Columbia Small Cap Value Fund II has a number of attributes that may meet the expectations of sustainability-focused investors, despite some issues worthy of attention.
Columbia Small Cap Value Fund II has an average Morningstar Sustainability Rating of 3 globes, indicating that the ESG risk of holdings in its portfolio is similar to that of its peers in the US Equity Small Cap category. Investors concerned about ESG risk may be better off with funds in the category that receive 4 or 5 globes, as they tend to invest in securities less exposed to ESG risk. Unlike impact, which measures positive environmental and societal outcomes attributable to an investment, ESG risk reflects the degree to which investments could be affected by material ESG issues like climate change and inequalities.
Currently, the fund has 6.97% involvement in fossil fuels, which compares favorably with 8.72% for its average category peer. Companies are considered involved in fossil fuels if they derive some revenue from thermal coal, oil, and gas. The fund has little exposure (1.06%) to companies with high or severe controversies. From bribery and corruption to workplace discrimination and environmental incidents, controversies are incidents that may negatively affect stakeholders, the environment, or the company’s operations.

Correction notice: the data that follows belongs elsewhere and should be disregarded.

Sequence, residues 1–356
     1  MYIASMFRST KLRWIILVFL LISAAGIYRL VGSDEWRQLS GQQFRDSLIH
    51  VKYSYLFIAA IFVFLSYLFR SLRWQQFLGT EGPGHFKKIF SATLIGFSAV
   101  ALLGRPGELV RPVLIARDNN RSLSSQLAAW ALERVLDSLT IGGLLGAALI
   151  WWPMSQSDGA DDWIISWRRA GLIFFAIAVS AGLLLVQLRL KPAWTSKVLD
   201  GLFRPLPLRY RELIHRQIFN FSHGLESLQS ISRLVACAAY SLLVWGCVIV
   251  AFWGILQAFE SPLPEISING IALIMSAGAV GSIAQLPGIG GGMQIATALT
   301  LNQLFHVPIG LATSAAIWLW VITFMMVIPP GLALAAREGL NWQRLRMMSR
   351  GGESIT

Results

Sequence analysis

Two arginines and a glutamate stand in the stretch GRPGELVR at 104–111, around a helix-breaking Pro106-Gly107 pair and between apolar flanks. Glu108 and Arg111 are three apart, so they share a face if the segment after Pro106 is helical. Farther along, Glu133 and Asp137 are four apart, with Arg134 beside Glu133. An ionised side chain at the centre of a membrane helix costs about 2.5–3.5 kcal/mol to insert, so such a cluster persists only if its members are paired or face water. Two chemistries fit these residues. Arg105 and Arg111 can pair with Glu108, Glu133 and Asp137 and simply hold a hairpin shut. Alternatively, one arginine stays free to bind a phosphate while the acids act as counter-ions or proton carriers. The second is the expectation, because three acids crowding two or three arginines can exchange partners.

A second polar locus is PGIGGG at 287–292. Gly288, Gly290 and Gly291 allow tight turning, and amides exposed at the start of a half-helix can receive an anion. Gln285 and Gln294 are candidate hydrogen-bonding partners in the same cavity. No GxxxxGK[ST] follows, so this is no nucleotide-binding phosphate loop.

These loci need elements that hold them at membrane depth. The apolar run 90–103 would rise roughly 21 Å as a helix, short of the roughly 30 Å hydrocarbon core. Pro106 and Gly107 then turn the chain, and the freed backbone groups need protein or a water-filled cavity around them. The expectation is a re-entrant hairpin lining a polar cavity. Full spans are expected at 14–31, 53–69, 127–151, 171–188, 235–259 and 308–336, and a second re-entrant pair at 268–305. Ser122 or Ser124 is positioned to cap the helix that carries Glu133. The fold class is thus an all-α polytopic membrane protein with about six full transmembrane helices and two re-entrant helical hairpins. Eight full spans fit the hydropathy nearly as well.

One potential issue for a sustainability-focused investor is that Columbia Small Cap Value Fund II doesn’t have an ESG-focused mandate. Funds with an ESG-focused mandate are more likely to align with the expectations of an investor who cares about sustainability issues.
Columbia Small Cap Value Fund II has an asset-weighted Carbon Risk Score of 12.71. This is situated at the lower end of the medium carbon risk band, suggesting that its current equity and/or bond holdings are moderately positioned to transition to a low-carbon economy. Investors concerned about the transition risks may prefer to consider funds with negligible or low carbon risk. Such funds invest in companies that tend to operate in sectors less exposed to the transition (such as healthcare and IT) and/or companies in more carbon-intensive sectors (such as industrials and utilities) but that consider climate change in their business strategy and products, and therefore are positively aligned with the transition.